The day before the federal budget for 2017 is handed down, Q&A got stuck into how the Government proposes to change education, support for Australian veterans — and debt.
When the panel was asked how Australia planned to repay debt forecast to exceed half a trillion dollars, Minister for Veterans’ Affairs and Defence Personnel Dan Tehan said the first thing to do was get the budget back into surplus.
“Until you can get your balance sheet right, you won’t be able to [address debt],” he said.
“As we’ve seen previously, it’s always been a Coalition Government which is able to balance the budget and repay the debt.”
This claim was immediately attacked by Tasmanian Labor senator Lisa Singh, who called it “rubbish”.
“This furphy that the Liberal Party are good economic managers is just the biggest furphy if you look at the current deficit at the moment and how it’s blown out,” she said.
“Labor would tax multinational companies that are getting away scot-free.”
Senator Singh returned to the theme of company taxation several times during the evening.
When comedian Dave Hughes asked how Mr Tehan thought building and running the second Sydney airport would go, Senator Singh accused the Government of funding it by “attacking those who can least afford it”.
“You don’t want the Western Sydney Airport built?” Mr Tehan asked her.
Can Gonski 2.0 be a go-ski?
The Government had more support when the panel was asked if it will be possible for the Parliament to grasp the opportunity for real change in school funding represented by Gonski 2.0.
“I hope, really, really do hope so. It’s time to put all the politics aside on this,” Mr Tehan said.
“David Gonski has said this is a good model going forward. I hope the Senate will support it and I hope we get the outcome.
Other panellists agreed the Gonski 2.0 model was promising, with tax expert Mark Leibler calling it fair and equitable, but warning that the entire argument was very, very, very confusing.
“This is a very, very complex formula. I believe that the Government should carry this through,” he said.
Ms Singh criticised the Government’s proposal as being $22 billion short, but said the Government had “finally caught up to the importance of needs-based funding”.
“Needs-based funding is about every child in every school getting every opportunity for the best education,” she said.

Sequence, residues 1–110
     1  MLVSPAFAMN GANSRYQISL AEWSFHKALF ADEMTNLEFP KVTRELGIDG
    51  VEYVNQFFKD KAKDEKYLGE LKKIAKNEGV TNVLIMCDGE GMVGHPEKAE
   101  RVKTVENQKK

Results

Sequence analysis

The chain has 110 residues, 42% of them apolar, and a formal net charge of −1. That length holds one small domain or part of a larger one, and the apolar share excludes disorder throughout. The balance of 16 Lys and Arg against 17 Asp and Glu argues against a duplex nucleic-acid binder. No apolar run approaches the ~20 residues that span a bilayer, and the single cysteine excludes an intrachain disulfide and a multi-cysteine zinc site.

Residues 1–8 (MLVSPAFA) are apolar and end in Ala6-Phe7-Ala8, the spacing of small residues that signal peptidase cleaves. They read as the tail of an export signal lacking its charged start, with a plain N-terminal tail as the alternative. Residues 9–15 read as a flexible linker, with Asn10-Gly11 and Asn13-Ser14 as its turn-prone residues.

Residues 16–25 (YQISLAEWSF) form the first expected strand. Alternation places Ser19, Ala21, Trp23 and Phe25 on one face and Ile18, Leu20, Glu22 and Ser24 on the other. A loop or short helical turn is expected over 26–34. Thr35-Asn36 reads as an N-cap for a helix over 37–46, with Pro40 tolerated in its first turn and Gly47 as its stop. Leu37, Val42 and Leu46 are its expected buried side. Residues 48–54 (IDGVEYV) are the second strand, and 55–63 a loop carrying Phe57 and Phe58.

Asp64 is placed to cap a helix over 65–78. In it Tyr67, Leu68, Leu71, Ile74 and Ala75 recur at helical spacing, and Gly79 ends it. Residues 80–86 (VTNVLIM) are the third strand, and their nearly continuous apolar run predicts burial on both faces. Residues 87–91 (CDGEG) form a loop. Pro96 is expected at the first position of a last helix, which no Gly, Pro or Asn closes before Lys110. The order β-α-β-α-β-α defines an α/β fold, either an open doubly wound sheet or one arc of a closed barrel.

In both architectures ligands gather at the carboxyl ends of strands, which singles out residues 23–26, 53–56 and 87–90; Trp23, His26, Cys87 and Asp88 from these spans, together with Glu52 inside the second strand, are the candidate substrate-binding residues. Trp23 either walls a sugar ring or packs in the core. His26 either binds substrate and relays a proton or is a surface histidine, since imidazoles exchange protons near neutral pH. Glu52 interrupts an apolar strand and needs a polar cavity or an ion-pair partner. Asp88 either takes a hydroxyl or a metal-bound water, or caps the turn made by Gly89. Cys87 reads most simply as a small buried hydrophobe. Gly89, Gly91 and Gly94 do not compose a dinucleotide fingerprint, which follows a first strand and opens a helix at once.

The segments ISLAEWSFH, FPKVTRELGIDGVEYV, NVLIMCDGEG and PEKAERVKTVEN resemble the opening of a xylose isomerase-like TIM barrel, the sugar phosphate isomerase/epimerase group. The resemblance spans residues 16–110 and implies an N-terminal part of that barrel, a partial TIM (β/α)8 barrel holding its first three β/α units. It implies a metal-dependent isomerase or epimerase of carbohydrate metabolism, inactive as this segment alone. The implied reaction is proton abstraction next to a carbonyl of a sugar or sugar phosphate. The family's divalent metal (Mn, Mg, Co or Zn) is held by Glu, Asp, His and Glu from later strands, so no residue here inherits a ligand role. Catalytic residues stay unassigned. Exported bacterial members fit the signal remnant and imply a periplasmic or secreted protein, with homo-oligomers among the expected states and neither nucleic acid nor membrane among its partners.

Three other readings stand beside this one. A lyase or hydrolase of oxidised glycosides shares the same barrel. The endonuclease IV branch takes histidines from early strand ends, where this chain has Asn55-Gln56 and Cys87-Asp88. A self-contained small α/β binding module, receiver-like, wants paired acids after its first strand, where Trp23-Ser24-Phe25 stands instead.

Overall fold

“Education should be an investment. An investment not just in this current generation, but in our nation and where we see our nation in the world. That is why it should be properly funded.
“Because if it’s not properly funded, then it’s not going to achieve every child in every school getting every opportunity for the best education.”
Vendetta against young people?
Tertiary education, and the idea of education as an investment, also came under scrutiny when an audience member drew applause for asking if the Government’s proposed reductions in university funding and ongoing support for negative gearing indicated a vendetta against young people.
“The bottom line is the universities are an export industry valued at $22 billion. The bottom line is when it comes to universities, the value of the knowledge [they create] is worth more than the mining sector.”
Mr Leibler referred to Deloitte Access Economics figures suggesting the value of knowledge generated by universities added 8.5 per cent to GDP, and said the proposed changes to university funding “will destroy value in terms of Australia overall”.
Mr Tehan said the Government would spend $28 billion on the higher education sector over the next four years.
“We’re keeping the system demand-driven, we’re making sure that degrees will remain affordable.”
Mr Leibler disagreed, saying “the bottom line is you’re introducing and making the students repay their loans more quickly. You’re making them pay more.
“This applies to students who are at university now. For some of them it will make it very difficult.”
“To eat, in fact,” Hughes interjected.
Mr Tehan said the Government had to make choices, and also had to think about “the carpenters, the plumbers, the farm hands and others who won’t get a degree”.
He said the Government thought it had the balance right on higher education funding.
‘What we need is veterans supported, not a memorial’
Mr Tehan came under pressure when he was asked about a $100 million memorial in Villers-Bretonneux in France and why the Government was not spending money on today’s veterans instead.
The minister said $350 million was being invested in veterans, and highlighted that anyone who had ever served a day in the military could seek free treatment for any mental health condition.
However, host Virginia Trioli and Hughes continued to press him on whether that sum could be increased if the memorial was not being built.
When Mr Tehan said the French were still grateful for Australia’s contribution to World War I, Hughes drew applause for asking why they were not paying for the monument.
“I don’t think Dan Tehan is going to win this argument in front of this audience,” panellist and Victorian CEO of the Urban Development Institute of Australia Danni Addison said.
Mark Leibler said the memorial funding was a bit over the top, but not the worst thing the Government spent money on.
Senator Singh said what Australia needed was not a memorial but quickly and timely processing of claims for support by veterans suffering post traumatic stress and other mental health problems.
“That’s what your package I understand is addressing, and something that I actually commend the Government on as long as it is properly funded,” she said.